Nurturing a Catholic Vision in a For-Profit Hospital

May-June 2009

BY: SR. SHEILA HAMMOND, RSCJ, M.A.

Saint Louis University Hospital Fulfills a Promise to Carry Forward the Catholic Mission and Maintain Spiritual Care

Sr. Hammond is pastoral care director, Saint Louis University Hospital, St. Louis. She is also certified as a supervisor by the National Association of Catholic Chaplains and the Association for Clinical Pastoral Education.

Editor's note:Saint Louis University Hospital, sold by the university to Tenet Healthcare Corporation in 1998, is one of several for-profit hospitals around the country that maintain adherence to the Ethical and Religious Directives for Catholic Health Care Services.

An elderly woman is shot by her only living relative. The woman is brought to the emergency department at Saint Louis University Hospital. The perpetrator is arrested and put in jail. The woman is paralyzed, unconscious, and eventually put on a ventilator and moved to the intensive care unit. She is obviously unable to make decisions on her own behalf. Her only relative appears to be the person who shot her and is incarcerated and cannot, therefore, legally make medical decisions for the patient. During the course of several weeks, the woman undergoes numerous medical procedures. The chaplain of the intensive care unit and the medical and nursing staff communicate serious ethical concerns about procedures and treatments given to this patient.

Who is making decisions for this patient, a woman alone and unable to decide what she wants and does not want for her treatment? What treatments are beneficial and necessary? What treatments are a burden? What treatments are a necessary use of limited hospital and medical resources? How can the hospital preserve the dignity of this person and give her the respect which is her due, when staff members do not know her, her medical history or her personal preferences and desires?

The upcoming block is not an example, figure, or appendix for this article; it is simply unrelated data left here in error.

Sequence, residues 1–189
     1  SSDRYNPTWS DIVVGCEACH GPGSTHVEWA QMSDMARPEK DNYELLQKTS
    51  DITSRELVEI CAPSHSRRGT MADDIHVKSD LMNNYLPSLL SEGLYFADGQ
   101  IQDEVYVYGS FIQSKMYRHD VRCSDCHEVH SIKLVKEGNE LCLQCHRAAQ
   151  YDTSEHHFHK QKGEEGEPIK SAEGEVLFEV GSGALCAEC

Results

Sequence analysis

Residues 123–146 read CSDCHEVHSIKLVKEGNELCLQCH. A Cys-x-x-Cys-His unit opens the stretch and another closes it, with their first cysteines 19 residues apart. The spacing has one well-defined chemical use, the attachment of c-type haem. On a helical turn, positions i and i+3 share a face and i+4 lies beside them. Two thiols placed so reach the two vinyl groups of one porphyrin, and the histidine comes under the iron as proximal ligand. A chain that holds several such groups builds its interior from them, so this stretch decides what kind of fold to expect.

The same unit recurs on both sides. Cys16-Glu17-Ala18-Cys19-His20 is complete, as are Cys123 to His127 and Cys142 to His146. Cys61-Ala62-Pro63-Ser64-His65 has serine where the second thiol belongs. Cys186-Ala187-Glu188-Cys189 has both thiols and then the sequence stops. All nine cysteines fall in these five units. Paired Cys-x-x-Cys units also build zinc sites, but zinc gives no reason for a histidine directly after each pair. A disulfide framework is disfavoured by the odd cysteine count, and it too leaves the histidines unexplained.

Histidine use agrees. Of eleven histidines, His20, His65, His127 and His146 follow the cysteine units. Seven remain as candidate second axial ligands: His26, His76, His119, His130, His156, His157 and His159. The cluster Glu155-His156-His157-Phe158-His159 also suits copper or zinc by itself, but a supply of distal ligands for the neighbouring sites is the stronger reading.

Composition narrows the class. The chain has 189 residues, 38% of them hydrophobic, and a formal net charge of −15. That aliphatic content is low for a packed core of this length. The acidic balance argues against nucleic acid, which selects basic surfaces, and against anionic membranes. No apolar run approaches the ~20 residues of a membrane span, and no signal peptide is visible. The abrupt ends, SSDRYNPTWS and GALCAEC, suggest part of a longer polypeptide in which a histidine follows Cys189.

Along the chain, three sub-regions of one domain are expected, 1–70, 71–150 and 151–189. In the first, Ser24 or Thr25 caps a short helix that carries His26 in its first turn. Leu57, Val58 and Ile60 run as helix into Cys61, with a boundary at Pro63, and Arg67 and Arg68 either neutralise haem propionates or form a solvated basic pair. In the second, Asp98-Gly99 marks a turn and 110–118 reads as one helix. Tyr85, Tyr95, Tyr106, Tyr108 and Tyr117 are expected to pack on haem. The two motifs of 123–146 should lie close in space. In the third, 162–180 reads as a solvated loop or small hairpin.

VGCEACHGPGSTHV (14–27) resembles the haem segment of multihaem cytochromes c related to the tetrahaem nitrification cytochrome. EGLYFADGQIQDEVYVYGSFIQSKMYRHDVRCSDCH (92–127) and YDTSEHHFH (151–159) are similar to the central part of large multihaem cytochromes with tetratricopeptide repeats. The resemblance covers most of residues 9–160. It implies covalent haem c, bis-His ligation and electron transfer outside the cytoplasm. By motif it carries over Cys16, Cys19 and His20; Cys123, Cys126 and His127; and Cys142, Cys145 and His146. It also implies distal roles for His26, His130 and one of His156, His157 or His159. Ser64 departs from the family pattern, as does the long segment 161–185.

The questions surrounding this situation becomes an opening for looking at how the pastoral care staff, informed by the Ethical and Religious Directives for Catholic Health Care Services, carries forward in a for-profit hospital with a Catholic tradition of care. Since its sale to Tenet Healthcare Corporation a decade ago, Saint Louis University Hospital's identity is no longer strictly Roman Catholic. However, in executing the sale to Tenet, the Saint Louis University Board of Trustees set in place legally binding guarantees that the hospital would continue to be operated in a manner consistent with the university's Catholic, Jesuit values. As part of the sale terms, Tenet agreed to retain around-the-clock pastoral care services under management of the university's vice president for mission and ministry, to adopt the hospital's charity care practices in perpetuity and to adhere to the ethical and religious directives.1

To this day, elements of the hospital's Catholic heritage are readily observed. These include crucifixes in patient rooms and daily celebration of Mass. But the primary vehicle for the hospital's identity is its adherence to the mission handed down from Saint Louis University, an identity that today is carried forward by the pastoral care staff, which is charged with the mission effectiveness role under the direction of the university's vice president for mission and ministry. In part, the mission statement that guides the hospital reads: "Saint Louis University Hospital exists for the glory of God and the health of God's people in the Judeo-Christian and Jesuit tradition of service to others."2